A nonfungible token (NFT) representing the original source code for the World Wide Web was sold for $5.4 million in an auction hosted by popular luxury auction house Sotheby’s.

An NFT representing the original source code for the World Wide Web (WWW) was sold for $5.4 million by auction house Sotheby’s. The auction launched on June 23 and lasted for a week. The bidding for the NFT began at $1,000 and continued to rise over the course of a week.

Per the agreement, the proceeds of the sale will go to initiatives supported by the WWW creator Tim Berners-Lee and his wife. In a statement, Berners-Lee said, “The process of bringing this NFT to auction has offered me the opportunity to look back in time to the moment I first sat down to write this code thirty years ago, and reflect on how far the web has come since then, and where it could go in the decades to come.”

NFTs have become popular in various sectors, especially in sports and entertainment. They are unique digital collectibles that represent digital files, like audio and video. The WWW NFT is for a code British computer scientist Tim Berners-Lee developed thirty years ago.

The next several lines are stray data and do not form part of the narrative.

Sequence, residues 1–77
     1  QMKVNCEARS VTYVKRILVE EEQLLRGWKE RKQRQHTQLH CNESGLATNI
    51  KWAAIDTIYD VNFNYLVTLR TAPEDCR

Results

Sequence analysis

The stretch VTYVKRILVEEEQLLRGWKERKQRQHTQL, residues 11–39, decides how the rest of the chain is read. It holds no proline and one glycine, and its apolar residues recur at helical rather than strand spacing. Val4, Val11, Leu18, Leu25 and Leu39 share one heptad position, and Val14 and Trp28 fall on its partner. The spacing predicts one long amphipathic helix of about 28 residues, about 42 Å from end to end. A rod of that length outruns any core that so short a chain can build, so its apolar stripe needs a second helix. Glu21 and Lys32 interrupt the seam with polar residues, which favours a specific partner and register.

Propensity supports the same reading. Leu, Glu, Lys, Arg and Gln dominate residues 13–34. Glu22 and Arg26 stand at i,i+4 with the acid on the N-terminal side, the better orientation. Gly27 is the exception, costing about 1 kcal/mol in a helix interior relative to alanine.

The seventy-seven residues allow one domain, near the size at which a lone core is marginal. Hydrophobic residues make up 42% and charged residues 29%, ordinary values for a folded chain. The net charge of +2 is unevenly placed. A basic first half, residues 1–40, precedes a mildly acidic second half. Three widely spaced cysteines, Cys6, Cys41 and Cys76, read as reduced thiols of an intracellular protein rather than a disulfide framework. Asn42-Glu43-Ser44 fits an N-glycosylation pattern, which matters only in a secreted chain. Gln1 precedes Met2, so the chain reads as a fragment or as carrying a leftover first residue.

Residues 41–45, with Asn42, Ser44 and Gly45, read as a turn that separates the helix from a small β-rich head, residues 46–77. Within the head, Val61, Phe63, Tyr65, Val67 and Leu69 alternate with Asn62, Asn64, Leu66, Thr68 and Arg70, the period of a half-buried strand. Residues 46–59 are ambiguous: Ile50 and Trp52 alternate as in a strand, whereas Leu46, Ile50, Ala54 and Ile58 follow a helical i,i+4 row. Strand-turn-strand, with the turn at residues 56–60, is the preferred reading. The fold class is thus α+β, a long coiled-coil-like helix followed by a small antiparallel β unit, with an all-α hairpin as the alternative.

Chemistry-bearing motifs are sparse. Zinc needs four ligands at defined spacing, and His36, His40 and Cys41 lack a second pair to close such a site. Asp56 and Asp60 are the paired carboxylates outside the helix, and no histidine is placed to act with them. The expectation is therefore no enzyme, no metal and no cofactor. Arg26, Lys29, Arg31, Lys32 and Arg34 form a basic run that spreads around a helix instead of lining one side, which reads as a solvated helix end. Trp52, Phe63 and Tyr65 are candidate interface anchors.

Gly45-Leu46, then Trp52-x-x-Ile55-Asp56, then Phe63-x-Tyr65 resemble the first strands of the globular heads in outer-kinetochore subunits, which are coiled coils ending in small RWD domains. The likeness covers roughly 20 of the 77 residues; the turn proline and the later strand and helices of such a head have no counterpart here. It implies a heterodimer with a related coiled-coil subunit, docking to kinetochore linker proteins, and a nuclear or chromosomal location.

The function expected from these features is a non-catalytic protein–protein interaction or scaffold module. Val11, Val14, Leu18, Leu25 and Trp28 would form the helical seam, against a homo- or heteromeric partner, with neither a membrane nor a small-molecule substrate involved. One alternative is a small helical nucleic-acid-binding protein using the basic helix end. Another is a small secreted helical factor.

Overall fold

According to the NFT, the files contain over 9,000 lines of code. It also comprises the three languages and one protocol Berners-Lee invented, which are HTML (Hypertext Markup Language), HTTP (Hypertext Transfer Protocol), and URLs (Uniform Resource Identifiers).

Sotheby’s is no stranger to NFTs. The WWW NFT is the third one the auction house has sold on behalf of its clients. The luxury auction house sold its first NFT in April,  and a rare CryptoPunk NFT for roughly $12 million, one of the most expensive CryptoPunks to date. The auction house now accepts BTC and ETH for its physical art pieces.

This post was originally published on Coinlist.